Catholics know that 19 March is the Feast of St Joseph. Fewer, perhaps, are aware that the entire month of March is dedicated to the Most Chaste Heart.
That seems a bit odd, doesn’t it? March is dominated by the Lenten fast, which is itself a preparation for Eastertide. According to tradition, Our Lord’s foster-father didn’t live to see his public ministry. In fact, it was necessary that St Joseph pass from this life before Christ could reveal Himself. Only then would Jesus become head of the royal House of David – both God and King by birthright.
But what has any of this to do with Lent? The answer is this: St Joseph was the first Christian mystic. He is the exemplar of the hidden life, the interior life: that which is most pleasing to God, and which we’re called to imitate during the fast.
In his 1931 spiritual classic The Truth about St Joseph, Fr Maurice Meschler observes,
“The prophets, the Apostles, and the martyrs proclaimed the divinity of Jesus and were rewarded with distinction and glory. Saint Joseph’s vocation, as long as he lived, was to hide this divinity. He was the shadow of the heavenly Father, not only in the sense that he was the visible representative of the eternal Father in regard to Jesus, but because under the guise of a natural fatherhood he concealed the divinity of the Son.
“According to his vocation, then, Saint Joseph is essentially a shadow, which, like an ordinary shadow, passing noiselessly over the earth and covering everything it meets, conceals his Son, Jesus, and even the marvels of his spouse, Mary, her virginity and divine motherhood. The saint throws himself heart and soul into this unique vocation of placing the mantle of obscurity over everything and during his whole life does not deny this vocation, even by a single word.”
St Joseph hid the incarnate God in his little house in the flyover town of Nazareth. To their friends and neighbors, the Holy Family was happy but unextraordinary. Joseph’s pretty young wife was gentle and obedient, and their boy was good-natured and hard-working. They’d see Joseph and Jesus in their carpentry shop as father taught son their trade, preparing him for the unexceptional life of a working-class Jew living in the fringes of the Roman Empire.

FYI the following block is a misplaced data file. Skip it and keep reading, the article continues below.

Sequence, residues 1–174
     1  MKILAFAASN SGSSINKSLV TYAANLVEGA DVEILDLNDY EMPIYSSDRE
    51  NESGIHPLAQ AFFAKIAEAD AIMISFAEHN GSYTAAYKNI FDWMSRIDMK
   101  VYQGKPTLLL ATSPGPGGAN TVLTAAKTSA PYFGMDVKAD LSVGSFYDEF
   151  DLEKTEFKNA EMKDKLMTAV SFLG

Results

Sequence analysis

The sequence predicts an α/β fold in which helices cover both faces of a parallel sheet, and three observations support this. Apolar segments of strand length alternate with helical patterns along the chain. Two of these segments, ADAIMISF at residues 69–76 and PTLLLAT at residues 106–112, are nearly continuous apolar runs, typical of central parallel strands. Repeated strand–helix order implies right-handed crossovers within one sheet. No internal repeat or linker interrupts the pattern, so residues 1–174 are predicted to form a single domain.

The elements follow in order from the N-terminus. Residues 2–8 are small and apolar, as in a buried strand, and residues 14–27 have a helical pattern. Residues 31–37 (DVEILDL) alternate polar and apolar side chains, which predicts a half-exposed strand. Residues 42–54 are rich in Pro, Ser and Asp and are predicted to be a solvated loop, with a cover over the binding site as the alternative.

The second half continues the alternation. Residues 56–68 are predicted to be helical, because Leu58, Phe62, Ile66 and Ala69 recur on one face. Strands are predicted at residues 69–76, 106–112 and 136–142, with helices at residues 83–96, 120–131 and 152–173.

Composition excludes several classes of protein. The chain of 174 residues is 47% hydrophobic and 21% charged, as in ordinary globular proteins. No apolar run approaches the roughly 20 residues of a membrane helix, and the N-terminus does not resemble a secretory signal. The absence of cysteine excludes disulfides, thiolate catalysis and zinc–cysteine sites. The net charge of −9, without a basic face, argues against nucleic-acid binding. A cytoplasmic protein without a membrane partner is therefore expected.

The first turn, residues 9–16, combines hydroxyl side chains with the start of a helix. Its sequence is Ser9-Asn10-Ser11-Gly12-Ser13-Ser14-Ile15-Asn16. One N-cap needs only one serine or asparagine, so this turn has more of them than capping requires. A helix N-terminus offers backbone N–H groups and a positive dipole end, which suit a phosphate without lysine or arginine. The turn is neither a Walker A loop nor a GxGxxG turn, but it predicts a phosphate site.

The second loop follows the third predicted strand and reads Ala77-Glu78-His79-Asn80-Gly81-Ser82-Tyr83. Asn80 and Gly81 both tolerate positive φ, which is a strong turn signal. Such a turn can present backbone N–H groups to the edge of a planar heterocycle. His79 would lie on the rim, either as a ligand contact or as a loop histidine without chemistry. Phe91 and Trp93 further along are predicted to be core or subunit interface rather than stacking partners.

But in their home, sitting at the head of the table – rubbing his calloused hands, flicking sawdust off his tunic – St Joseph would spend hours watching Our Lady nurse the Christ-Child, bathe him, sing him to sleep. He would take the baby’s tiny feet into his rough, strong hands and kiss his toes, as fathers do: those feet that would, just a few short decades later, bear the sacred wounds that redeem mankind.
Being a poor man, there would be days when Joseph would go without food to ensure his child had enough to eat. He’d wear his sandals to ribbons so that his wife could be clothed with dignity and modesty. Like every father and husband, he toiled to give his family a good home; in the faithful execution of these simple duties, he became one of the great protagonists in the epic of our salvation.
Our Lord and Our Lady were St Joseph’s secret treasure. By his devotion and self-sacrificing love, he was allowed to spend his years adoring Christ and His Virgin Mother in the peace of his own home and by the work of his simple craft. His poverty and obscurity brought him greater joy than all of Herod’s wealth, and more power than all of Caesar’s legions. These he kept close to himself, uniting his Most Chaste Heart to the Sacred Heart of Jesus and the Immaculate Heart of Mary. He met the happiest end of any man: literally dying in their arms, with the promise that they would be united again very soon.
This is why mystics have always found in Joseph a kindred spirit. St Teresa of Ávila wrote in her autobiography, “I took for my advocate and lord the glorious Saint Joseph and commended myself earnestly to him.” She found in him a spiritual teacher, who guided her heart to greater devotion and her mind to greater discipline:
I have never known anyone to be truly devoted to him and render him particular services who did not notably advance in virtue, for he gives very real help to souls who commend themselves to him. For some years now, I think, I have made some request of him every year on his festival and I have always had it granted. If my petition is in any way ill directed, he directs it aright for my greater good.
On this Ash Wednesday, let’s take St Joseph as our Lenten role-model. By denying ourselves worldly pleasures, may we learn to take our joy and strength from Christ and His Mother. In reading Scripture, we can draw closer to the person of Our Lord. By praying the Sorrowful Mysteries every day, we can share the dolor of His Mother on Good Friday. By dying of ourselves in their arms, we may awaken on Easter at the foot of the Heavenly throne, feasting with the saints and singing Hallelujah with the angels.
St Joseph, ora pro nobis. From your shadow, the light of the world.
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